Prince Harry is a man of many talents. He’s an eco-obsessed ethical banker whose firm invests in the oil and gas industry. He’s an audiobook entrepreneur with a company that doesn’t produce any content. And he’s a privacy-obsessed recluse, except for when he’s making yet another public speech on his chosen issue of the day. But among his many gifts is something hitherto unknown: it appears that Harry is something of a psychic.
For today the exiled royal has revealed that he predicted the January 6 attack on the US Capitol building. Speaking at a panel on misinformation – a subject close to Harry’s heart – the erstwhile aristo claimed that he presciently predicted the riots in Washington DC and that he had tried to warn Jack Dorsey, Twitter’s CEO, about the attempted ‘coup.’ The dilettante Duke told attendees that ‘Jack and I were emailing each other prior to January 6 when I warned him his platform was allowing a coup to be staged – that email was sent the day before.’
Sadly, Dorsey stopped replying to Harry’s messages after that exchange; a loss keenly felt by the billionaire tech entrepreneur no doubt. But Mr S was intrigued to hear the Cassandra of California imply that he, alone, foresaw January’s scenes. Was it mystic Meg(han) who told him? Could it be those valiant seekers of truth over at Schillings law firm? Or rather was it the millions of other people saying, beforehand, such events could happen.
Given Harry’s powers of prediction, it’s surely only a matter of time before we see him get the right numbers in the lottery. Mr S just hopes Dorsey releases a statement shortly, along the lines of ‘recollections may vary.’ After all, if America’s newest clairvoyant can speak his truth, why not the Twitter boss too?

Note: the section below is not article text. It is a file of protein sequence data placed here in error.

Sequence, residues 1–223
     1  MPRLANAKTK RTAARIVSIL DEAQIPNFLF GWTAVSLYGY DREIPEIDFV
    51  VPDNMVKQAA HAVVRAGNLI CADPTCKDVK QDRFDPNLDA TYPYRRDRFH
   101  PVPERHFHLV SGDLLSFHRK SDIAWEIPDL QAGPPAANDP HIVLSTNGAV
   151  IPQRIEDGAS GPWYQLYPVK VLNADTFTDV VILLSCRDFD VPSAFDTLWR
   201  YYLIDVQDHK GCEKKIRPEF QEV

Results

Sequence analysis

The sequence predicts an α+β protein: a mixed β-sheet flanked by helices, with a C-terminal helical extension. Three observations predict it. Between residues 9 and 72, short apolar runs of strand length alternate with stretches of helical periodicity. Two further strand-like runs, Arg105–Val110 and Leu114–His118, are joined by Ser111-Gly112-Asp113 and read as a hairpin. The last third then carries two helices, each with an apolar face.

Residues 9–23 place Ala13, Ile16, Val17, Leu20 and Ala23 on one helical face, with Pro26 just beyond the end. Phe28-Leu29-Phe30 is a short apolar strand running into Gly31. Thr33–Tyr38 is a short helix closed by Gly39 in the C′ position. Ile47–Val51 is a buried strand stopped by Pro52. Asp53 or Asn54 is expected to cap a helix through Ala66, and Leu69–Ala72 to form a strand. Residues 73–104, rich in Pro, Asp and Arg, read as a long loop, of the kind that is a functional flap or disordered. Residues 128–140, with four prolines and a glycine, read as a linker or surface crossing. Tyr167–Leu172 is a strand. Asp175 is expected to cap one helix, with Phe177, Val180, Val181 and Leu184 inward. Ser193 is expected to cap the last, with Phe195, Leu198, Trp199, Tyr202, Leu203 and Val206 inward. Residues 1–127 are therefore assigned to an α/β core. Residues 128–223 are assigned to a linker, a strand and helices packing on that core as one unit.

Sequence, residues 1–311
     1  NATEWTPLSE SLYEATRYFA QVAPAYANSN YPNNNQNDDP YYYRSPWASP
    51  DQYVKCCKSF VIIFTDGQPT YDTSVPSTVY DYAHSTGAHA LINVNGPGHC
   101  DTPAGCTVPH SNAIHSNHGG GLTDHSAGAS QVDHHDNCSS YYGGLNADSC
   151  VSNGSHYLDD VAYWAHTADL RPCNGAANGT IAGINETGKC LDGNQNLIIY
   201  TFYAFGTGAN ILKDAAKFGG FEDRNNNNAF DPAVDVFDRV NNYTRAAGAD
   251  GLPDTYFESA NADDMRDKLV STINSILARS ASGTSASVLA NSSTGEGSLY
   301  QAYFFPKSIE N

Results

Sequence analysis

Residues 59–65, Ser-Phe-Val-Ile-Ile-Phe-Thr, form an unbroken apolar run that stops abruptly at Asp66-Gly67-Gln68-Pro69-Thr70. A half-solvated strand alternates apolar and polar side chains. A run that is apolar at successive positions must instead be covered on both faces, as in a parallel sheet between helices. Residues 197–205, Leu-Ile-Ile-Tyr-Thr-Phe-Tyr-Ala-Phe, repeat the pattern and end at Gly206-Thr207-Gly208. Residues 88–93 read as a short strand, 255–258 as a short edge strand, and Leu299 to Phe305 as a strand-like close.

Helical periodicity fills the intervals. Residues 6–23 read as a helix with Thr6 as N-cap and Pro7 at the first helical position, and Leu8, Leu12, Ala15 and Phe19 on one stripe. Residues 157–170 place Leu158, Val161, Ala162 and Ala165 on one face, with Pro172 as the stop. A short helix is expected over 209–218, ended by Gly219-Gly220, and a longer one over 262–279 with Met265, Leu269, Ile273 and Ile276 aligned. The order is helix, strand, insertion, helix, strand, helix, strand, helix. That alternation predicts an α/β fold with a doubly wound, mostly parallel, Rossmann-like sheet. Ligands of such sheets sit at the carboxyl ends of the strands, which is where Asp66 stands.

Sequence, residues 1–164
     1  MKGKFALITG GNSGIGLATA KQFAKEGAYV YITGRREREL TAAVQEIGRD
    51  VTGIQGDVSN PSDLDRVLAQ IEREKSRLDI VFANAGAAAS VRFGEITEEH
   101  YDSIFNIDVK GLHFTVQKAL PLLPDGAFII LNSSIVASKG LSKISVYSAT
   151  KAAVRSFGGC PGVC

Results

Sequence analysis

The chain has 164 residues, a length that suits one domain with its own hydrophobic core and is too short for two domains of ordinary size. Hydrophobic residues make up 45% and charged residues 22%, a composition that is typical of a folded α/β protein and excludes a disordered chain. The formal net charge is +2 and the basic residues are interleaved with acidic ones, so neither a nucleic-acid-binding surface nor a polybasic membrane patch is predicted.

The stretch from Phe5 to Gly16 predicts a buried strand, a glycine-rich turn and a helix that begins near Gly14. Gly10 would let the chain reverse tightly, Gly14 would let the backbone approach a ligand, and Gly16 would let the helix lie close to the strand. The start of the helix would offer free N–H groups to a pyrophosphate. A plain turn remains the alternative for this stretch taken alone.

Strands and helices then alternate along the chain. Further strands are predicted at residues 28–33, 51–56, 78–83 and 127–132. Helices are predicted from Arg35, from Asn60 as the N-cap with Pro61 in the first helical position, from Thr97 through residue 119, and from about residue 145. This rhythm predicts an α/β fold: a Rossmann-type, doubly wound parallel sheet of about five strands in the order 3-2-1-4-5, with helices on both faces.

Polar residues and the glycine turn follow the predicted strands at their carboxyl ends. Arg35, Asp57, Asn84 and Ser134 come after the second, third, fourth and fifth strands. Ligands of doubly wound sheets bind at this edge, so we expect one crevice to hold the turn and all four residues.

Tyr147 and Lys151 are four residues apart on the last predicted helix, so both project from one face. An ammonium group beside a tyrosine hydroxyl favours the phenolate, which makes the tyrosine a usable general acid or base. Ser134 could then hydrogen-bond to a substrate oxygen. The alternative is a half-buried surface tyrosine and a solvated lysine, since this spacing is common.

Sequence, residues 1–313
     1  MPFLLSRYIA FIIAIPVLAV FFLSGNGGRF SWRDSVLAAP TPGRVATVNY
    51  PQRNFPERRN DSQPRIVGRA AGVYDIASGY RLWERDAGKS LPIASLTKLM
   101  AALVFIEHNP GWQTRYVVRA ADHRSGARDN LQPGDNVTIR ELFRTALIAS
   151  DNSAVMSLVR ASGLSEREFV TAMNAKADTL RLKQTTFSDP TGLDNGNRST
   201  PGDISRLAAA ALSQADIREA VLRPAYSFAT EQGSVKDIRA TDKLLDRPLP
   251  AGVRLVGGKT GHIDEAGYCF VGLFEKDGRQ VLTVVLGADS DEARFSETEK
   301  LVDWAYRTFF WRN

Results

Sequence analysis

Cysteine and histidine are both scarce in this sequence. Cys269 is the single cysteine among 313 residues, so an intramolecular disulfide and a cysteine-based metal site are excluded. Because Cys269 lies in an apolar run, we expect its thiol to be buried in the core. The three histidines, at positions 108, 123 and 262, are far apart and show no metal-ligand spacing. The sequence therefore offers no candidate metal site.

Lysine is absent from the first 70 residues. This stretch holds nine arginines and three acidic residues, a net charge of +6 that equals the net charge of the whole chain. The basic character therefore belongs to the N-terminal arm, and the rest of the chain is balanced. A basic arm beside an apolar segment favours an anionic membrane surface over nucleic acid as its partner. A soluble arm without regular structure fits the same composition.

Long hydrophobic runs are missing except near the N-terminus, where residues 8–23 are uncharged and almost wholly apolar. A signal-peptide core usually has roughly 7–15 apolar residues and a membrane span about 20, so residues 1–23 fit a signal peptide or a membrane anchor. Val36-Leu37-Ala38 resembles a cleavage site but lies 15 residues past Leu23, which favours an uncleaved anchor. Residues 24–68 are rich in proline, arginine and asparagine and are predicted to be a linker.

And it’s not just the future on which Harry is musing. Having been appointed to the Aspen Institute’s Orwell-esque ‘Commission on Information Disorder,’ the good Commissioner is now in a mood to reflect on recent history. He told the misinformation panel that: ‘the term Megxit was or is a misogynistic term,’ asserting that it was ‘created by a troll’ – a claim for which he did not offer any evidence. Something of an information disorder, one might suggest.
Still, Mr S is a staunch monarchist and who is he to question Harry, apparently the believer in the divine right of kings. So henceforth in Steerpike’s column, the term ‘Megxit’ is banned; in its place will be adopted ‘Haxit’ – a tribute both to the hacks who the Prince so obviously loathes and a useful corrective to assert Harry’s role in the departure of the Sussexes from these shores.
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